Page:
Touring Chicago’s Ethnic Neighborhoods

From 1840 to 1900, Chicago was the fastest growing city in the world.

2000 Chicago race map in boxes 360 Touring Chicago’s Ethnic Neighborhoods

Ethnic Areas of Chicago
Source: http://www.wordsinspace.net/urban-media-archaeology/2010-fall/2010/10/20/map-critique-radical-cartographys-chicago-boundaries/

The Irish came early, spilling into the city to escape the genocide of the famine back home. The Irish dug the canals and settled one of the first neighborhoods, Bridgeport. As the city became the transportation hub of what was then known as the Northwest, skilled workers from Holland, England, Sweden, Denmark and Germany came in droves, taking positions in the railroads, the canals, the stockyards, slaughterhouses, and the other heavy industry that came to characterize the United States “second city”.

Germantown was born. Polish village, Ukrainian village and the Swedish area of Andersonville sprang to life. In the years around the turn of the century, largely unskilled workers from Eastern and Southern Europe flooded into the economically thriving city.  They came from Poland, the Baltic states, Hungary, Czech, Slovakia and Italy.

A large percentage of these were Jews. These groups gave rise to Greek Town, Brinzeville, Pilsen and Little Italy. As black American abandoned the Jim Crow South between World War I and World War II, Chicago was a main destination for those escaping the racism and economic limitations of the former Confederacy. Since the 1980s, it has been Asians, Indians, Puerto Ricans and Central and South Americans who have comprised the largest percentage of immigrants the city.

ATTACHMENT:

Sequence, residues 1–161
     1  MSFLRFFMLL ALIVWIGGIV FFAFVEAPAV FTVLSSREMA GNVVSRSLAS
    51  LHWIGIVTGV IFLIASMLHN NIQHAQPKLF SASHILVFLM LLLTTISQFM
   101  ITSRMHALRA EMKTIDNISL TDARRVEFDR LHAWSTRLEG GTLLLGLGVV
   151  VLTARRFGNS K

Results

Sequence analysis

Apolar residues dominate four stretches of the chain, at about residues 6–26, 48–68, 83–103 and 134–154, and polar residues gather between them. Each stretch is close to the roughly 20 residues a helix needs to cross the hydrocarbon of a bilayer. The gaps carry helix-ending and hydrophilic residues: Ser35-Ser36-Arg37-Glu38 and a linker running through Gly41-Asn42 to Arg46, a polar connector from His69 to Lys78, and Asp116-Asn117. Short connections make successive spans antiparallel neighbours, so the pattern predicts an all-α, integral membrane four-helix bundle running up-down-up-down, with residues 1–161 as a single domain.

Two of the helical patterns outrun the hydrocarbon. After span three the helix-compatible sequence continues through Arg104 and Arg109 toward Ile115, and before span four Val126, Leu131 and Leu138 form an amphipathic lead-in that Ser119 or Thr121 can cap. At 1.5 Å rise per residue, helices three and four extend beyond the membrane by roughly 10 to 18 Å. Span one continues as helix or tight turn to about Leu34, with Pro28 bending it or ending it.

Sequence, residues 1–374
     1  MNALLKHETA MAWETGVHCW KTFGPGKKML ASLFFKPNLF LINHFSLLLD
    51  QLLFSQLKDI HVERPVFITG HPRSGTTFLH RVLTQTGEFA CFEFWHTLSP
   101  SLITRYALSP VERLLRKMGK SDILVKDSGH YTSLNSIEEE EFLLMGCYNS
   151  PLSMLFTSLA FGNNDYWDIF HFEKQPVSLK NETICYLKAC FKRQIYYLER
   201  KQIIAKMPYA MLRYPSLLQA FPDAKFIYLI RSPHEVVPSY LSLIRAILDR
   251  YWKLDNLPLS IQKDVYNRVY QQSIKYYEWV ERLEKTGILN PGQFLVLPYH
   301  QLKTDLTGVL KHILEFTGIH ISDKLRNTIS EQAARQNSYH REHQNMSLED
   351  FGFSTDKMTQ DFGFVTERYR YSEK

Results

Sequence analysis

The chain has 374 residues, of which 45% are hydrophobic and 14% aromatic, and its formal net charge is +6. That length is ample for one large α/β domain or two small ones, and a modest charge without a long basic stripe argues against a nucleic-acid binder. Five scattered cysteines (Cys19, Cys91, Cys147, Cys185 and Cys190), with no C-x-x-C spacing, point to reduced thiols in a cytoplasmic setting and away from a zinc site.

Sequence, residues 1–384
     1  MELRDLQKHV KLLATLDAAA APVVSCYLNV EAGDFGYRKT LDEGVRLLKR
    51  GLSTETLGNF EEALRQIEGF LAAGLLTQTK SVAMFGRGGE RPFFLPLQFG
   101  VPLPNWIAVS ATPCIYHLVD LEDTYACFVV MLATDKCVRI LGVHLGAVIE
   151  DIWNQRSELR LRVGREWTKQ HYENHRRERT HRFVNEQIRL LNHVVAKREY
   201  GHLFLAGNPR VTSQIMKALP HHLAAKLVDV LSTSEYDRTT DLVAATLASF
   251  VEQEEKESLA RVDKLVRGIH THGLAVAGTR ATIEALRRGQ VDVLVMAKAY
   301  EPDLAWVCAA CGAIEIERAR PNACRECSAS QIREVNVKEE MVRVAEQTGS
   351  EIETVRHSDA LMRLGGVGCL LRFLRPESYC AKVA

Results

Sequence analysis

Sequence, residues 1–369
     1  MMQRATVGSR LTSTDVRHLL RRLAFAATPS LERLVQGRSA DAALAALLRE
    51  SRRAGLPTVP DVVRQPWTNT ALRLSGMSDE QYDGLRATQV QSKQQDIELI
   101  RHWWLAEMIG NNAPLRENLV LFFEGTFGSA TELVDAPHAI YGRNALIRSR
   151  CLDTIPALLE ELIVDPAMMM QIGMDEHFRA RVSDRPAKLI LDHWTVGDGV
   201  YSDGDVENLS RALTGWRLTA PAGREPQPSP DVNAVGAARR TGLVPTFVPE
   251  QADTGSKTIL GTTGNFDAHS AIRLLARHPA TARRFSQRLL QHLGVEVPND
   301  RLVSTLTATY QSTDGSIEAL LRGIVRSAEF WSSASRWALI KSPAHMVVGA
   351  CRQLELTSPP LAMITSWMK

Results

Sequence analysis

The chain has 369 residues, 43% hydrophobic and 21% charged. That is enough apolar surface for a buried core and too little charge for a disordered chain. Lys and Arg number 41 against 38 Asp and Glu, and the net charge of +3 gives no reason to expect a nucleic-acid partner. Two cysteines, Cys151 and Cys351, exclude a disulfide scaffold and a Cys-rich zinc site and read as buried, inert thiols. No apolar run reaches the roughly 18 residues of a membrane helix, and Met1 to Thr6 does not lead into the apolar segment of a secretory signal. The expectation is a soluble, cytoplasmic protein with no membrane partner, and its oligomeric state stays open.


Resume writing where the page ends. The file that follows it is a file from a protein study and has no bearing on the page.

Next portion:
As each successive wave of immigrants arrived they tended to group with people of similar languages and customs for the first generation or two thus creating unique and rich ethnic enclaves that made Chicago fabulous cultural mosaic of world-wide urbanity.

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Chicago 1909

While these areas have evolved over the years (consider the Persian eateries near the Swedish-American museum or the Spanish language, unavoidable in the Pilsen area), today, Chicago boasts over 200 diverse neighborhoods each with its own unique character. For the traveler, this creates a wealth of opportunity.

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The Polish Triangle

Centered on the intersections of Milwaukee Avenue and Damen and Division Streets, this is the place to fatten up on some classic Polish food at places like the Podhalanka  or the Red Apple Buffet. Consider buying your own ingredients from one of the Polish bakeries and grocery stores around the Milwaukee Avenue and Belmont Avenue area. The Polish Museum of America  is close by.

Greektown